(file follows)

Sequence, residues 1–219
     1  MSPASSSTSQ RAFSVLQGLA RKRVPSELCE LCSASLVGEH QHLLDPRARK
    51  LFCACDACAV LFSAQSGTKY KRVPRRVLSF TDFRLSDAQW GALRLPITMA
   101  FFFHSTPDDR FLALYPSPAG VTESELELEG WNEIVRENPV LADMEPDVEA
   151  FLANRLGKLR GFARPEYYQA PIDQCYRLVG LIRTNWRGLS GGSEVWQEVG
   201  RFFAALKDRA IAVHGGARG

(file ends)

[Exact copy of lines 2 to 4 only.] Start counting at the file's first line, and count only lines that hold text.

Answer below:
     1  MSPASSSTSQ RAFSVLQGLA RKRVPSELCE LCSASLVGEH QHLLDPRARK
    51  LFCACDACAV LFSAQSGTKY KRVPRRVLSF TDFRLSDAQW GALRLPITMA
   101  FFFHSTPDDR FLALYPSPAG VTESELELEG WNEIVRENPV LADMEPDVEA